If the build of the Jet JPS 10TS makes it a contractor saw, it’s the saw’s cutting ability that has us considering it closer to a hybrid saw. The compromise here is the need to utilize a lower horsepower engine in exchange for the ability to run on more common 115V power.
A 1 3/4 horsepower engine still makes fairly easy work of softer woods like pine and poplar, but it does show signs of struggling when moving up to maple and harder stock. The key here is feed speed. Pushing the saw too hard by feeding wood too fast causes a tripped circuit more often than we’d like.
Getting a feel for the saw will lessen this issue, but it can be quite frustrating to have the power cut in the middle of a piece of stock, especially when that stock binds around the blade. We don’t meant to make the saw sound underpowered. With a slow and steady feed rate, the Jet SPD 10TS can manage almost anything you throw at it.
The saw can be rewired to operate on a 220/240V circuit, if one is available, and this should help even out performance. It won’t, however, magically create extra power for the saw.
Included Blade and Replacement Options
A 40-tooth ATB blade is included with the saw. This general purpose blade will get the job done, but we recommend replacing it as soon as possible. A far superior blade can be purchased for less than $100. Thin kerf options pose an advantage on a lower-powered motor like that of the JPS 10TS. We usually go with one of Freud’s industrial blades; a 50T combination blade performs well if you prefer not to swap blades for each type of cutting operation.
The top-mounted arbor lock button makes removing blades a speedy endeavor. It also helps to keep one hand clear of the blade when swapping cutters.
Rip Fence Accuracy and Adjustments
Jet’s ProShop fence system comes standard with the JPS 10TS saw. It’s a Biesemeyer clone that comes fairly well-aligned out of the box. If tweaks are needed, nylon set screws on the foot of the fence body can adjust for square to the table and parallelism to the blade.
The fence can operate both left and right of the blade. There are 13 inches of clearance to the left and either 30 or 52 inches of rip capacity to the right of blade, depending on model. Sturdy steel rails help keep the fence accurate across its full travel.
One mild complaint is the tendency for the fence to slip out of position unless firmly locked down. We have grown accustomed to fences that lock with a light touch, so this is another area where learning the tool and its operation should ease frustrations.
The included miter gauge serves its purpose and has a fair range of adjustment to capture needed angles. The gauge features indentations at important stops like 45 degrees and 90 degrees. These are useful until they get in the way of fine tuning an angle that falls around the range of the stops. The miter gauge has a tendency to slip into the stop. You likely won’t need a 44 or 91 degree angle often, so another minor complaint overall.
The gauge runs a rail that fits snugly in the miter slot. This is in large part thanks to an adjustment screw within the bar that can expand its width to hug the 3/4 by 3/8-inch T-track miter slot. The T-track slots offer the ability to utilize both standard miter accessories as well as accessories designed with T-bolts.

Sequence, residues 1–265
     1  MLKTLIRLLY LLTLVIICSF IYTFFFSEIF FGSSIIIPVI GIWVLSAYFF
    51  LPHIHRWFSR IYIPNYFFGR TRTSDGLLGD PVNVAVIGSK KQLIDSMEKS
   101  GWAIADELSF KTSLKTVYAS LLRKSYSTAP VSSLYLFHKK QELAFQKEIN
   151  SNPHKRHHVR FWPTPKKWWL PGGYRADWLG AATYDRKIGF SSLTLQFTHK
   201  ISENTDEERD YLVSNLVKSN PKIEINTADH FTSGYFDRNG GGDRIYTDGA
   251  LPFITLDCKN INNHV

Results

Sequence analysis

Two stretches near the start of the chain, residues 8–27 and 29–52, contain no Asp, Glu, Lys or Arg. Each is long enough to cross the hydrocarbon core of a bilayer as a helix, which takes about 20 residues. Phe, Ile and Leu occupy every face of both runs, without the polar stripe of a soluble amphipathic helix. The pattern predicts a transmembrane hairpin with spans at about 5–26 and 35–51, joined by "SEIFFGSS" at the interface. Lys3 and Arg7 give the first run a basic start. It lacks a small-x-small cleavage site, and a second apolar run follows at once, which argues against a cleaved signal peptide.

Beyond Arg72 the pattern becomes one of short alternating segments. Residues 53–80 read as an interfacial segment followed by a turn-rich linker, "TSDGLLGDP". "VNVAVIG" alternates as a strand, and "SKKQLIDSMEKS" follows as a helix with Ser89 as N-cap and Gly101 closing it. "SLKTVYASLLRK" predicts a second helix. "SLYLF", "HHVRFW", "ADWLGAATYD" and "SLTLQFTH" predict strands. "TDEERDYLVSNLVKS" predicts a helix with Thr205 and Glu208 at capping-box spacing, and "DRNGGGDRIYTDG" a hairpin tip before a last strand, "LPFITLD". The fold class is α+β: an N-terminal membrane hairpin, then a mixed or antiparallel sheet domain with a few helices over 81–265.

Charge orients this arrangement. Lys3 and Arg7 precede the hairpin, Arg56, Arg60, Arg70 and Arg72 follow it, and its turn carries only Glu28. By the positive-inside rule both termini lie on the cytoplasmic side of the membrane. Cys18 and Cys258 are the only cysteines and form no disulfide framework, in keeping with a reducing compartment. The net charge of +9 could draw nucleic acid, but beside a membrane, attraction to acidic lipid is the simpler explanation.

Safety Features and Dust Collection
The Jet ProShop Table Saw series includes increasingly standard safety features including a removable riving knife and blade guard. Both can take advantage of detachable anti-kickback pawls. The blade guard attaches to the riving knife. The riving knife can be used with or without the guard. Without the guard the riving knife can be set for non-through cutting operations.
The blade guard is design in such a way that it can accommodate a variety of stock thicknesses and cutting operations. The plastic guard is suspended over the table as opposed to pivoting on the riving knife.
One disappointment is the lack of a magnetic power switch. While the push-button switch features a large paddle for shutting down machine operation, the lack of a magnetic switch poses some safety concern. With a magnetic switch, should power be cut to the machine while it is in the “on” position, it cannot power back on until the switch is toggled off. With a standard push-button switch, if the machine isn’t switched to off it will resume operation as soon as power is restored.
One of the biggest struggles the Jet JPS 10TS experiences is with its dust collection. While a 4-inch port will easily connect to professional-grade dust collection systems, the ports placement can be problematic. The dust port is positioned on the side of the machine. There is a tendency for sawdust to accumulate below the saw despite adequate suction. Some users have resorted to fashioning a dust port on the bottom of the machine to alleviate the issue.
Jet JPS 10TS Review: The Verdict
The Jet ProShop JPS 10TS is an excellent choice for the serious hobbyist or home woodworker. While it does not sport the power necessary for industrial or production situations, weekend warriors and small-scale craftsman will benefit from many of the pro-grade features of this contractor saw. The next step up would be a full-blown cabinet saw like the Shop Fox W1819 or Powermatic PM2000. Its price is on the higher end of the contractor/hybrid saw scale, but the JPS 10TS is worth every penny (especially if you go with the cast iron wings).
The Jet ProShop JPS 10TS is an excellent choice for the serious hobbyist or home woodworker. While it does not sport the power necessary for industrial or production situations, weekend warriors and small-scale craftsman will benefit from many of the pro-grade features of this contractor saw.
- Well-constructed with options for cast iron extension wings
- Miter gauge with accurate stops, fits snugly in miter slot
- Great power for a 115V saw
- Dust collection is inefficient
- Lack of magnetic switch a potential safety hazard